Whatever Russia’s reasons for its multiple assaults on Ukraine, it is clear that the welfare of ordinary people is not at the heart of their intentions. Whether at the hands of a Grad rocket in Donets’k or of street drugs in Simferopol, countless lives have been lost in a military program that Russia has framed as social and political support for ethnic Russians living in Ukraine. Ukraine has been diligently counting its dead. These civilian and military death tolls have been held high by journalists, politicians, and ordinary citizens as a direct indictment of Putin’s aggression. For many Ukrainians, these statistics are a powerful signifier of what has been wrought and what has been lost.

The deaths of OST patients in Crimea, however, are not included among them. No one is there to count them. No one is there to hear them. They are quiet, predictable deaths of lovely people whom society easily forgets.

Watch the video below to hear the voices and concerns of Crimea’s former OST patients. (Video posted by Igor Kouzmenko, a member of the Association of OST Participants in Ukraine.) To turn on subtitles, click on the CC button in the bottom right corner of the video.


Jennifer J. Carroll is a doctoral candidate at the University of Washington, where she is finishing a PhD in social anthropology and an MPH in epidemiology. Her research investigates the epistemologies of international development and global health efforts in Eastern Europe. Her most recent project documented patient perspectives in Ukraine’s opiate substitution therapy programs, exploring what happens when standardized, evidence-based treatment protocols collide with a medical culture that equates the statistical with the political.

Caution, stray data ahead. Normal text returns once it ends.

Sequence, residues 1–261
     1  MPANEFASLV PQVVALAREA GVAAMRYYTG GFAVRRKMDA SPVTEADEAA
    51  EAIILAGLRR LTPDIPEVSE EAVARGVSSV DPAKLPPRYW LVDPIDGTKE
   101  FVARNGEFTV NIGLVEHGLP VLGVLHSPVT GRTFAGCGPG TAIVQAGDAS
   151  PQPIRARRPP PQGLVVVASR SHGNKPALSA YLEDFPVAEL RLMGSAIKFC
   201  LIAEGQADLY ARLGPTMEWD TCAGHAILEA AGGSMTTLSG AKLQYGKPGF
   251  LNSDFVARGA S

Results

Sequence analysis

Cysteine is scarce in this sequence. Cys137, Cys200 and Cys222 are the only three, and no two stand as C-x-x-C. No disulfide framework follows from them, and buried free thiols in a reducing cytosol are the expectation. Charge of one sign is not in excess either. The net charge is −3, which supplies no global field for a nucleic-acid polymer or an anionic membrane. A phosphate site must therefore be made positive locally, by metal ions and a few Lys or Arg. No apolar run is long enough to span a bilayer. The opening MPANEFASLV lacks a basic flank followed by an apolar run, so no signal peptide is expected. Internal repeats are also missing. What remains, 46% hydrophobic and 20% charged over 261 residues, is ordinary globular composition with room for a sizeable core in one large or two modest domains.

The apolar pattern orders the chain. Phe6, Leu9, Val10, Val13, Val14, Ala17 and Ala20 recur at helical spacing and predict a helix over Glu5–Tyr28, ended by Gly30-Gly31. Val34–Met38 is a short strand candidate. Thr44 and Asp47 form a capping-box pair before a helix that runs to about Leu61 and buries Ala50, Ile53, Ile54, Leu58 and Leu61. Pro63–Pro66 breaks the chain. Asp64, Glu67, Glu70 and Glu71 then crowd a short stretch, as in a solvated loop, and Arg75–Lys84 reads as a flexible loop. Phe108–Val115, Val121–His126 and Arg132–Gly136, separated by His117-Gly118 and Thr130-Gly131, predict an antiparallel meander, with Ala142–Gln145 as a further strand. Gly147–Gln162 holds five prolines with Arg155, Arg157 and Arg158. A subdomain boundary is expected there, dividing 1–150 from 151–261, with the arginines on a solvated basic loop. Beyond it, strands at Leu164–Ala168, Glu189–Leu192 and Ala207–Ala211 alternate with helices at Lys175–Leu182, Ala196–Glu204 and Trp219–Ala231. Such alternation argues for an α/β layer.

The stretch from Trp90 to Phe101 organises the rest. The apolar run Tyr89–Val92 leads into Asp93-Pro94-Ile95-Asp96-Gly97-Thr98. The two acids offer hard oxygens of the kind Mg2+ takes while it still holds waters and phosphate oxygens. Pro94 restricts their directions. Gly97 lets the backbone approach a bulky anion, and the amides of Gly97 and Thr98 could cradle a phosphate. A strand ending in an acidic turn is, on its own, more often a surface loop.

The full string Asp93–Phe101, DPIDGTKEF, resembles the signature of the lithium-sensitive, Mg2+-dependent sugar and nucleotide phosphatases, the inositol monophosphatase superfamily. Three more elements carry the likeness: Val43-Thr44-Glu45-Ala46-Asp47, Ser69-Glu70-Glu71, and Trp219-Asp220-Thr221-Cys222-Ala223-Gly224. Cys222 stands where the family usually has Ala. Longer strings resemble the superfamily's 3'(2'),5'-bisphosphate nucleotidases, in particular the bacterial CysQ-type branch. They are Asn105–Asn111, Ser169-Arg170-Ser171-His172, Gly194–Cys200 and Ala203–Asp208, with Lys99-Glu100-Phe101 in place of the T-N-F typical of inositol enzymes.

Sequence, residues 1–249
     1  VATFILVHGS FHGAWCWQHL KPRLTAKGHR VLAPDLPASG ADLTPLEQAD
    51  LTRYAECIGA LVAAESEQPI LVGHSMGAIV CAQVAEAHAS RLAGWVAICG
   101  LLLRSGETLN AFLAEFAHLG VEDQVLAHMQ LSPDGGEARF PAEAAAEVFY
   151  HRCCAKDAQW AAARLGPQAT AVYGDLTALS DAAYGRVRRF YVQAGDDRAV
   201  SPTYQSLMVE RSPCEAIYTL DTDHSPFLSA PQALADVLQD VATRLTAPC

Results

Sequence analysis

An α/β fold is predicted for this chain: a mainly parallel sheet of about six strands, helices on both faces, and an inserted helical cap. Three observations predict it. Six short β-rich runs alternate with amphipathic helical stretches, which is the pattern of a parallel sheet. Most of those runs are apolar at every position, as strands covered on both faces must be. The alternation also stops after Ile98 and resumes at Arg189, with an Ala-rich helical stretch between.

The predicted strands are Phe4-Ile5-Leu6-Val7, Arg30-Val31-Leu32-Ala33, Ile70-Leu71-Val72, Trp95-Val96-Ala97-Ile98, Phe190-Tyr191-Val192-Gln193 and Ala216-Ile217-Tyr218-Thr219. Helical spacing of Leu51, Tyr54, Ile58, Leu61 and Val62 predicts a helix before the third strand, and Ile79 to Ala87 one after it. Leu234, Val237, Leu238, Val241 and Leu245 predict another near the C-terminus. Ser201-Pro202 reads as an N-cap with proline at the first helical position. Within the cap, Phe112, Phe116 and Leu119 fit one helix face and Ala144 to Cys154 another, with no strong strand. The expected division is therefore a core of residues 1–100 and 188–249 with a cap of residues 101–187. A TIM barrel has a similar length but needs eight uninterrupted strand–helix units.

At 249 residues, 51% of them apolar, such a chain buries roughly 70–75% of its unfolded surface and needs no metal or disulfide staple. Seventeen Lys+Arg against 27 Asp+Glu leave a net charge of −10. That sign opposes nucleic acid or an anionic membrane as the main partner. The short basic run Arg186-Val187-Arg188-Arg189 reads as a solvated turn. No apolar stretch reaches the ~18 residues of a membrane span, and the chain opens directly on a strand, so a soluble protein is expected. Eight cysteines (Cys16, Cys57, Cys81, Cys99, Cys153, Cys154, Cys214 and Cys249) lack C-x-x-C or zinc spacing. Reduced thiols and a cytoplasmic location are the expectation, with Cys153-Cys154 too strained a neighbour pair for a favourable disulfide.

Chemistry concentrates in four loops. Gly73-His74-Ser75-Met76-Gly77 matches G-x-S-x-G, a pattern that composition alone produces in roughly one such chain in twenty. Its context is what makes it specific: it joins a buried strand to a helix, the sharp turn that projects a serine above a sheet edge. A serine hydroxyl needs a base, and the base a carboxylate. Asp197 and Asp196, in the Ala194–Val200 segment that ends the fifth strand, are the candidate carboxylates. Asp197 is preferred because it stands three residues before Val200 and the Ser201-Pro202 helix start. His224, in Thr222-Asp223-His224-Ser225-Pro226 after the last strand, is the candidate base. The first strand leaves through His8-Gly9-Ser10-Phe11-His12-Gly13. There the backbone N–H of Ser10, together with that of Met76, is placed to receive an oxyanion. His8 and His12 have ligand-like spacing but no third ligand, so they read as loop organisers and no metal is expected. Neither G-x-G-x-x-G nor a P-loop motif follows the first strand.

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———. 2014a. “Press Release [in Russian].” <>.

———. 2014b. “Nakazano Vyzhyty: Poryatunok patsiientiv-bizhentsiv z Krymu ta Donbasu.” <>.

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[1] For example, a 2010 study, which used statistics on HIV-seroprevalence among IDUs as a form of capture-recapture, estimated the presence of more than 80,000 drug users in the city of St. Petersburg alone, which is equals a per-capita rate of drug use nearly twice that of Simferopol (Heimer and White 2010).



  1. 🕔 13:03, 30.Sep 2014


    Jen, thanks a ton for exposing this important issue!

    reply comment